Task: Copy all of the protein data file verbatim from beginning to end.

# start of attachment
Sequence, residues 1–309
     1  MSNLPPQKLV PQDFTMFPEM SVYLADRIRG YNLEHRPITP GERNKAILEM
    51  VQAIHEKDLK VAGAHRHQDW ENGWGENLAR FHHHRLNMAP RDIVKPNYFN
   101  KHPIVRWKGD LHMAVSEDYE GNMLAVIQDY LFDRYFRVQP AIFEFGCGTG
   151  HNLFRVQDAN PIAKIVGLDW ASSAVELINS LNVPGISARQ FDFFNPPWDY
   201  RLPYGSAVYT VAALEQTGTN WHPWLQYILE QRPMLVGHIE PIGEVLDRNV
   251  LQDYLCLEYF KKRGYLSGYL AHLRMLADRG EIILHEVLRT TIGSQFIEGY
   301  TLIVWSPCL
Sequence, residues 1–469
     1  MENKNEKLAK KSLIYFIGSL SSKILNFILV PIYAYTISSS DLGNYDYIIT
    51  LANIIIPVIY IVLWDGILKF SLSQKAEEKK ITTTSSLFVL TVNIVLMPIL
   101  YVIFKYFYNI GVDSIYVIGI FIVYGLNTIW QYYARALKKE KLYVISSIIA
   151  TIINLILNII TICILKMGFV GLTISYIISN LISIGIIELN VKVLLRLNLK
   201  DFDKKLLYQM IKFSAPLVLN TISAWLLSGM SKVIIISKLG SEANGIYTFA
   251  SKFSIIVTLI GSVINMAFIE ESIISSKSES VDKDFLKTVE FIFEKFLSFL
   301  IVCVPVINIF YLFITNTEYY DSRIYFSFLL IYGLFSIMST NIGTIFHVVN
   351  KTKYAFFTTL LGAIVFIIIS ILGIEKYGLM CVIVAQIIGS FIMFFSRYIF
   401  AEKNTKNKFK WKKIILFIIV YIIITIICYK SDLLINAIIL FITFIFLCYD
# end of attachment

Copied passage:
Sequence, residues 1–309
     1  MSNLPPQKLV PQDFTMFPEM SVYLADRIRG YNLEHRPITP GERNKAILEM
    51  VQAIHEKDLK VAGAHRHQDW ENGWGENLAR FHHHRLNMAP RDIVKPNYFN
   101  KHPIVRWKGD LHMAVSEDYE GNMLAVIQDY LFDRYFRVQP AIFEFGCGTG
   151  HNLFRVQDAN PIAKIVGLDW ASSAVELINS LNVPGISARQ FDFFNPPWDY
   201  RLPYGSAVYT VAALEQTGTN WHPWLQYILE QRPMLVGHIE PIGEVLDRNV
   251  LQDYLCLEYF KKRGYLSGYL AHLRMLADRG EIILHEVLRT TIGSQFIEGY
   301  TLIVWSPCL
Sequence, residues 1–469
     1  MENKNEKLAK KSLIYFIGSL SSKILNFILV PIYAYTISSS DLGNYDYIIT
    51  LANIIIPVIY IVLWDGILKF SLSQKAEEKK ITTTSSLFVL TVNIVLMPIL
   101  YVIFKYFYNI GVDSIYVIGI FIVYGLNTIW QYYARALKKE KLYVISSIIA
   151  TIINLILNII TICILKMGFV GLTISYIISN LISIGIIELN VKVLLRLNLK
   201  DFDKKLLYQM IKFSAPLVLN TISAWLLSGM SKVIIISKLG SEANGIYTFA
   251  SKFSIIVTLI GSVINMAFIE ESIISSKSES VDKDFLKTVE FIFEKFLSFL
   301  IVCVPVINIF YLFITNTEYY DSRIYFSFLL IYGLFSIMST NIGTIFHVVN
   351  KTKYAFFTTL LGAIVFIIIS ILGIEKYGLM CVIVAQIIGS FIMFFSRYIF
   401  AEKNTKNKFK WKKIILFIIV YIIITIICYK SDLLINAIIL FITFIFLCYD